Wednesday, February 4, 2009

Blagojevich's Job Prospects Unclear, Media Blitz Could Be Talk Show Audtion

Blagojevich's Job Prospects Unclear, Media Blitz Could Be Talk Show Audtion

CHICAGO — Ousted as Illinois governor and looking for a job, Rod Blagojevich returned to national television on Tuesday to proclaim his innocence on corruption charges _ perhaps angling for a future book deal or talk show.

But Blagojevich, a lawyer whose license is inactive, has some hurdles to overcome if he wants a new career. The biggest one: Who would hire him?

"A great many employers will not hire someone who has a felony charge pending against them," said Chicago defense attorney John Beal.

But some might offer him a job, if only to exploit the built-in publicity surrounding the scandal-tainted Democrat, especially as he gets closer to a trial on charges that could bring a lengthy prison term.

A federal indictment is expected by April on allegations that Blagojevich tried to auction off Barack Obama's vacant Senate seat. He was impeached by Illinois lawmakers, who stripped him of his job last week.

Blagojevich's publicist says offers are coming in, but he declined to provide details.

"Every day we get several offers of something he could do or would like to, and there are certainly no shortage of people who would love to speak with him," publicist Glenn Selig said.

Before the unanimous vote to remove Blagojevich, one Chicago radio show offered him a job if he would resign in the wake of his Dec. 9 arrest on federal corruption charges. He refused to step down.

The former governor needs find a way to make a living. Not only did he lose his $177,000-a-year job, but his wife recently was fired from her $100,000-a-year job as the chief fundraiser for a Chicago homeless agency.

Federal authorities claim she was caught on secretly recorded tapes making expletive-laden demands to fire Chicago Tribune writers critical of Blagojevich.

"It's a period of adjustment for us. But you know what, I'm not asking for any sympathy. There are tens of thousands of Americans who are losing their job every single day. I just happen to be among the ranks," Blagojevich told NBC's "Today Show."

Blagojevich's latest round of national TV interviews Tuesday in New York included stops at CBS' "Late Show with David Letterman," CNN's "Larry King Live" and Fox's "On the Record with Greta Van Susteren."

His publicist insists the appearances are not about finding the former governor a new job, but about clearing his name.

It won't be easy. Before Blagojevich's removal, Letterman listed the "Top Ten Ways Rod Blagojevich Can Improve His Image," which ended with, "Uhhh...resign?"

In his appearance on Letterman's show Tuesday, Blagojevich said he keeps thinking he'll wake up and people will realize "this is just one big misunderstanding."

Letterman joked that the more Blagojevich talked and repeated his claims of innocence, the more the host said to himself, "Oh, this guy is guilty." Blagojevich said he appreciated Letterman's position but also believed he had to defend himself and assert his innocence.

Citing three previous Illinois governors with corruption convictions, Letterman joked: "Is this just part of the oath of office that you guys take?" Blagojevich replied, "Unlike those, I'll be vindicated," to laughter in the audience.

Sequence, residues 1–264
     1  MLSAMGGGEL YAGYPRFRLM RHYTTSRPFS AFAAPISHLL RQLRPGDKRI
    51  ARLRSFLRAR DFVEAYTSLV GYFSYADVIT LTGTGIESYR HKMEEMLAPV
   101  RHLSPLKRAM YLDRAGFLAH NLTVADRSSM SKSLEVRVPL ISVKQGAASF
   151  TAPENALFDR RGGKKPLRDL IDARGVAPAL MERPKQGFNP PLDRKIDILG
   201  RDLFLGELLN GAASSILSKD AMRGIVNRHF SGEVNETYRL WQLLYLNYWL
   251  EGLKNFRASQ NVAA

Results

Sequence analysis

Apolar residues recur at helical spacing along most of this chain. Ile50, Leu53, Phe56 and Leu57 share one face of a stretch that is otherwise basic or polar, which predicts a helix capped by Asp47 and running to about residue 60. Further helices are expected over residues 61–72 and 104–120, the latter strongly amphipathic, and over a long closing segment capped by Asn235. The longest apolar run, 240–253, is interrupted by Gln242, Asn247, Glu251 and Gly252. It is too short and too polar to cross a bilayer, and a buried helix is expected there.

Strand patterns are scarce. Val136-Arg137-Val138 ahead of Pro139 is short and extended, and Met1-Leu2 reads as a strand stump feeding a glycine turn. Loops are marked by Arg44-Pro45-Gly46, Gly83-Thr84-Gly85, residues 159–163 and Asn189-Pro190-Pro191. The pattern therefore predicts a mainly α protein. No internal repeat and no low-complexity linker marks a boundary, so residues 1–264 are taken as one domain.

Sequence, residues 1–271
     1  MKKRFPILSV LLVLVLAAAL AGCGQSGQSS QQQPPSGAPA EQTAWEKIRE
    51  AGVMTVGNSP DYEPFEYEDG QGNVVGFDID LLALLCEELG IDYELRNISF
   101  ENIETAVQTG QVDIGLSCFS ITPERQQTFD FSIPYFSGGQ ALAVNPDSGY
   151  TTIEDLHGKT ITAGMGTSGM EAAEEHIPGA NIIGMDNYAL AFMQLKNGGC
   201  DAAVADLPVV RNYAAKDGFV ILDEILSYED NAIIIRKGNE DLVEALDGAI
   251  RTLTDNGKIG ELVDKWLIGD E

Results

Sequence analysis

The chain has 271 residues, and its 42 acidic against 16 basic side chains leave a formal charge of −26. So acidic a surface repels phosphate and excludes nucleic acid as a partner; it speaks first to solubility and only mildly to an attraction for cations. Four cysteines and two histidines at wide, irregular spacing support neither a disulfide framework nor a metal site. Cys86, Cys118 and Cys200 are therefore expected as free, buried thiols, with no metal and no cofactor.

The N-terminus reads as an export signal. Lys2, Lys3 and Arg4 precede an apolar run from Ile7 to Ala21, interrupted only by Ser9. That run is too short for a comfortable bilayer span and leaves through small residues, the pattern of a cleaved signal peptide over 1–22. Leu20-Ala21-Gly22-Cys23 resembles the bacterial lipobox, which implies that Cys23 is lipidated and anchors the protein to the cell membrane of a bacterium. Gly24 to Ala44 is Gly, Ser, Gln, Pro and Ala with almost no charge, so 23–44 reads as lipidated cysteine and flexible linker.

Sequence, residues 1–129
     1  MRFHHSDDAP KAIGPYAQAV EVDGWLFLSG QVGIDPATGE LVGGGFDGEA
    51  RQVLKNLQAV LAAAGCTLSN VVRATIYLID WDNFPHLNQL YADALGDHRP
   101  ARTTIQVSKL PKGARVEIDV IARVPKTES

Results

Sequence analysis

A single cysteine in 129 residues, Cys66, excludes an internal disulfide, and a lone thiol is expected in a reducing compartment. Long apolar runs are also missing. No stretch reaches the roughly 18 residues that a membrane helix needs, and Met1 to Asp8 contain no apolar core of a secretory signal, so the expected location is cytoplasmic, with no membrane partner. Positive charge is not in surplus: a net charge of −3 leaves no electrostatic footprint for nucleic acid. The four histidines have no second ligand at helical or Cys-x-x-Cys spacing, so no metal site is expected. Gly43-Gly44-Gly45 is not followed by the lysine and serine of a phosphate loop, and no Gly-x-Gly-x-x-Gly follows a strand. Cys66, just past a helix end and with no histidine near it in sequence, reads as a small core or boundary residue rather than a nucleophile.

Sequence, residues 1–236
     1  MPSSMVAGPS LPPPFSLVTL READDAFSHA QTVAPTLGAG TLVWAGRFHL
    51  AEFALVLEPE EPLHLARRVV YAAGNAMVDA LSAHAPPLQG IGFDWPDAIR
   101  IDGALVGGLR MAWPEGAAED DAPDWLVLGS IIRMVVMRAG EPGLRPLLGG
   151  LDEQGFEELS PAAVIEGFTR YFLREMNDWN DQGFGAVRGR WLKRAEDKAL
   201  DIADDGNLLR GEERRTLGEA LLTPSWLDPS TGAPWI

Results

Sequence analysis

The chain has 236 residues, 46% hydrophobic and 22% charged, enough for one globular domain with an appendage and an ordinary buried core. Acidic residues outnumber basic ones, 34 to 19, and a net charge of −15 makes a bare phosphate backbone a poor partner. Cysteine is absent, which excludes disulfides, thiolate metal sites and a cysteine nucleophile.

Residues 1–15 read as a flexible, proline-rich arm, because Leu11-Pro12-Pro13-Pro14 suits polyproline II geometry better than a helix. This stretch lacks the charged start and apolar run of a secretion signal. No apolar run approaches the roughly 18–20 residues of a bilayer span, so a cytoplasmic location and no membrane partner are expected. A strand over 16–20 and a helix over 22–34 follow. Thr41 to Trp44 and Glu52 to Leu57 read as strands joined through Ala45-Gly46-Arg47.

On "Today," Blagojevich said he "unequivocally" never tried to profit from his power to appoint Obama's Senate replacement and was eager for his day in court.

"This is America, and I still believe this is a place where, as it's written in the Bible, the truth will set you free. I'm clinging to the truth and embracing the truth. I'll ride the truth, and I'll clear my name," he said.

Blagojevich has the chance to refashion himself. Others have done it, such as homemaking diva Martha Stewart, who served prison time for insider trading, and former President Bill Clinton, who survived impeachment for his affair with a White House intern.

"Americans love the rehabilitation of fallen heroes. You know, we just love that," said Eve Geroulis, a clinical professor at Chicago's Loyola University school of business who specializes in marketing.

But to make a successful comeback, a person has to acknowledge what got him into trouble in the first place and then do some sort of penance to make amends, said Northwestern University professor Irving Rein.

Blagojevich has not done that, insisting he's innocent of any criminal charges and that he will be cleared in the end.

"This is an awkward period, I don't see him being able to capitalize on it," Rein said.

A big comeback for Blagojevich will probably have to wait until the federal corruption case against him is resolved.

In addition to charges that he tried to personally benefit from his Senate appointment power, Blagojevich was accused of trying to strong-arm the Chicago Tribune into firing unfriendly editorial writers and of engaging in so-called "pay-to-play" politics in which state jobs or contracts are exchanged for campaign contributions.

If convicted, he could face a serious prison term. Conspiracy to commit fraud is punishable by up to 20 years and solicitation to commit bribery by as much as 10 more years. If he's hit with a racketeering charge, that could send him to prison for up to another 15 years, said Leonard Cavise, a law professor at Chicago's DePaul University.

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